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The web isn't print

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only their customer table doesn’t separate first and last names, and next year when someone has to merge the tables they can’t figure out how to split first and last names after the fact, and eventually your system starts addressing letters to "Mr. Jr."

Painless Data Models

Okay article, lousy formatting. A two column layout is a good way to create shorter line lengths and make things easier to read, and I’m sure the layout looks great on the designer’s 21-inch monitor, but here on my 15-inch laptop screen, the page doesn’t all fit on one screen. After reading one column to the bottom of the page, I have to scroll back to the top of the page to start the next column. Scrolling that way breaks the flow of the text.

Print designers, think of it this way. Imagine laying out a block of text in horizontal columns instead of vertical. The first column spans two pages, and the reader has to turn the page to finish it. The next column starts back on page one, forcing the reader to turn back to where they started in order to continue reading. Turning from page one to two as you read is a completely natural action. Turning from page two back to page one isn’t. It interrupts the reader as they read. It makes them think about what they are doing instead of what they are reading.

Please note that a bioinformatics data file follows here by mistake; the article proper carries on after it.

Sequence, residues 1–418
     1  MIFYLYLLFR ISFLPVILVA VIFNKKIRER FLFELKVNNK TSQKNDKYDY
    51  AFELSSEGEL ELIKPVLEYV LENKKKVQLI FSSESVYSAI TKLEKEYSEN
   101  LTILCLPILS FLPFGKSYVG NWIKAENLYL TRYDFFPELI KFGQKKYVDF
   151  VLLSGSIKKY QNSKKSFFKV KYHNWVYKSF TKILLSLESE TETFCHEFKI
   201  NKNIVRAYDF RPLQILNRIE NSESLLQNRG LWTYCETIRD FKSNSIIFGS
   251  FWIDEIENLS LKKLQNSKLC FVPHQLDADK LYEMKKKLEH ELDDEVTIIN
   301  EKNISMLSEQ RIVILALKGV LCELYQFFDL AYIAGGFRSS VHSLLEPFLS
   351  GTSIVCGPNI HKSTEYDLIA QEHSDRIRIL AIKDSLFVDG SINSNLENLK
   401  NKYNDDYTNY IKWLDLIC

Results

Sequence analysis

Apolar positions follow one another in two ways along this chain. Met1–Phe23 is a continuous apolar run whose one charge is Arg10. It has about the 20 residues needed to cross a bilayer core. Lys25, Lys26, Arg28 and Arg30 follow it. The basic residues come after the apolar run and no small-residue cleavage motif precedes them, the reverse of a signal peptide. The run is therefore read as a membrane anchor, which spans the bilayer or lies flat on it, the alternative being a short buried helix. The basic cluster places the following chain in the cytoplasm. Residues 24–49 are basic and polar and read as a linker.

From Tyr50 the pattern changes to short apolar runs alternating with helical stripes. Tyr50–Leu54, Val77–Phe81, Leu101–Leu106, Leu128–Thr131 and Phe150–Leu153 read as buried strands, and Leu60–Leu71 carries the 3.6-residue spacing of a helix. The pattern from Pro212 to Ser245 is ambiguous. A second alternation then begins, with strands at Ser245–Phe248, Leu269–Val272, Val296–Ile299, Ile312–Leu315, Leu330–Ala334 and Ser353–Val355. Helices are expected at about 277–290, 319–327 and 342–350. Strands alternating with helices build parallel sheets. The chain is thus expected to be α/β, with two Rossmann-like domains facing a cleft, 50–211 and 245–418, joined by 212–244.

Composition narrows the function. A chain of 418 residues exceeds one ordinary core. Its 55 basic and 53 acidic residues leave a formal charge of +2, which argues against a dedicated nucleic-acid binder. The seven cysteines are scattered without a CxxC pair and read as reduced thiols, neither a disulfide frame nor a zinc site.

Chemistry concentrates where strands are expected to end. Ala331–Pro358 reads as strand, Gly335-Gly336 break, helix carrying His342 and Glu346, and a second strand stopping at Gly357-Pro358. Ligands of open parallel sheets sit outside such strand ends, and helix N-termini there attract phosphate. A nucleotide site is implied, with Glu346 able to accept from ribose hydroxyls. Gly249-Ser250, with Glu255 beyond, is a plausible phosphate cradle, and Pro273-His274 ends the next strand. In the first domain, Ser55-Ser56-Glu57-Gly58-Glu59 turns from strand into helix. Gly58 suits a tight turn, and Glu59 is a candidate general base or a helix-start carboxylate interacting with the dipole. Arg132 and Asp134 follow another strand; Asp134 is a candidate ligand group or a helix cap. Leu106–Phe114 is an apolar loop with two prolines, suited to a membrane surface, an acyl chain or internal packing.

I’ve said it before. The web isn’t print. Learn to embrace the medium. Design print pieces in a way that uses the advantages and downplays the limitations of the printed page. Design Web sites to use features that are unique to the Web, not to showcase your print design skils.

Trackback from Scott's place
April 3, 2003 3:46 PM

Write for the medium: web != paper

Excerpt: You often need to think differently when writing for the web. Paragraphs should be shorter. Hell, whole articles should be. Failing that, give people an abstract first and an option to continue reading (if they get bored and don't bother,...

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